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Eating too much junk can give you dementia! Another study says ultra-processed foods harm the brain

A diet of fizzy drinks, chips and cookies isn’t just bad for the waistline.

Gorging on too much junk food can also increase your risk of developing dementia, scientists say.

The study tracked more than 70,000 middle-aged for a decade to try and tease out the effects of a diet heavy in ultraprocessed snacks.

Junk food fanatics were 43 per cent more likely to be struck down with the memory-robbing condition, compared to those who ate the least.

Lovers of ultraprocessed foods consumed 810g a day, on average — the equivalent weight of three-and-a-half Big Macs, while the least ate just a quarter of that (225g).

Although the study doesn’t prove a bad diet causes dementia, it adds to the ever-growing pile of evidence linking the two together. 

Chinese researchers also found swapping just one chocolate bar a day for a bowl of cereal effectively cut the risk of getting dementia by 3 per cent.

Lead author Dr Huiping Li, from Tianjin Medical University, said: ‘It’s encouraging to know small and manageable changes in diet may make a difference in a person’s risk of dementia.’

A study of more than 70,000 elderly Britons by Chinese researchers found that those who ate the most ultra-processed junk food were 43 per cent more likely to develop dementia than those who ate the least. The biggest junk food fanatics ate 810g per day, the equivalent weight of wo-and-a-half pizzas, while the least ate 225g per day — around four Mars bars

WHAT SHOULD A BALANCED DIET LOOK LIKE? 

Meals should be based on potatoes, bread, rice, pasta or other starchy carbohydrates, ideally wholegrain, according to the NHS

Meals should be based on potatoes, bread, rice, pasta or other starchy carbohydrates, ideally wholegrain, according to the NHS

• Eat at least 5 portions of a variety of fruit and vegetables every day. All fresh, frozen, dried and canned fruit and vegetables count

• Base meals on potatoes, bread, rice, pasta or other starchy carbohydrates, ideally wholegrain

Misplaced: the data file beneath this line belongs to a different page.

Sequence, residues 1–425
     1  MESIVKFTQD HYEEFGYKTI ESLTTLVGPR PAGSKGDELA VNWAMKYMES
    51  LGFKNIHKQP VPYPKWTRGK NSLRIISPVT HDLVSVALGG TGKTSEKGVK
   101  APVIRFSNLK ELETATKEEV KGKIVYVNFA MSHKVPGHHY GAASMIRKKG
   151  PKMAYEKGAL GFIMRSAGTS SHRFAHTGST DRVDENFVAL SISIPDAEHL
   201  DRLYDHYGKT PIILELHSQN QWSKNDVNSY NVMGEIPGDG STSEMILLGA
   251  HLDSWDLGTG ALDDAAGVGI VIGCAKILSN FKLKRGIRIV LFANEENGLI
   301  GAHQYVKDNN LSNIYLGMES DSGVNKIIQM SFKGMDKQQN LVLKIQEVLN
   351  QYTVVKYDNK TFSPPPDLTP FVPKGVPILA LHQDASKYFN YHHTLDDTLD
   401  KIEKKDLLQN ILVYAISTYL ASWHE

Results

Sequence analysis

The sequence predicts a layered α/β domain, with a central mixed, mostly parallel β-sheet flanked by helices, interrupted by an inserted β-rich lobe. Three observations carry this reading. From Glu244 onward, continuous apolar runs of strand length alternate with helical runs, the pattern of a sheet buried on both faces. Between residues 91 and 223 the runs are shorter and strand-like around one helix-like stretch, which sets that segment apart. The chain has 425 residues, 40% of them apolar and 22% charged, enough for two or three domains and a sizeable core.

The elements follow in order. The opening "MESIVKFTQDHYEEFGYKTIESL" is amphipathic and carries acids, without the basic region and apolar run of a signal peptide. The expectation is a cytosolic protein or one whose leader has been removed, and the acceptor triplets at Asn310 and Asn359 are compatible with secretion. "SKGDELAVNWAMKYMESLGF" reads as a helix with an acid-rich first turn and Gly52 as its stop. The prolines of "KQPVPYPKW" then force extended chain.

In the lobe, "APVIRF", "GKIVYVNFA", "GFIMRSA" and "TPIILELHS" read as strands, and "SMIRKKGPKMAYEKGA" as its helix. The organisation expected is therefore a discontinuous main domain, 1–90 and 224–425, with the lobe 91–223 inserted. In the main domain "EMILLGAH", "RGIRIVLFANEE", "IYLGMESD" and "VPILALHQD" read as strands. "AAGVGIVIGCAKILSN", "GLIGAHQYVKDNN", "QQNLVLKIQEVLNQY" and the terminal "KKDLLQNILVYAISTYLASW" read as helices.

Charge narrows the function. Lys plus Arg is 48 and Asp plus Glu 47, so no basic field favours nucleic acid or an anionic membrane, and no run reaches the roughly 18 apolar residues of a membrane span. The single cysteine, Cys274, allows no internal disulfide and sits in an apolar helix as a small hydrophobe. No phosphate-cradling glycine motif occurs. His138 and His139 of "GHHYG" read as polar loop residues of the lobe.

• 30 grams of fibre a day: This is the same as eating all of the following: 5 portions of fruit and vegetables, 2 whole-wheat cereal biscuits, 2 thick slices of wholemeal bread and large baked potato with the skin on

• Have some dairy or dairy alternatives (such as soya drinks) choosing lower fat and lower sugar options

• Eat some beans, pulses, fish, eggs, meat and other proteins (including 2 portions of fish every week, one of which should be oily)

• Choose unsaturated oils and spreads and consuming in small amounts

• Drink 6-8 cups/glasses of water a day

• Adults should have less than 6g of salt and 20g of saturated fat for women or 30g for men a day

Source: NHS Eatwell Guide  

Ultra-processed foods are high in added fat, sugar and salt, low in protein and fibre and contain artificial colourings, sweeteners and preservatives.

Ready meals, ice cream, sausages, deep-fried chicken and ketchup are some of the best-loved examples.

They are different to processed foods, which are processed to make them last longer or enhance their taste, such as cured meat, cheese and fresh bread. 

Dr Li’s team examined the health records of 72,083 over-55s from the UK Biobank — a database of medical and genetic records of half a million Britons, who regularly provide information on their lifestyle, as well as blood and urine samples.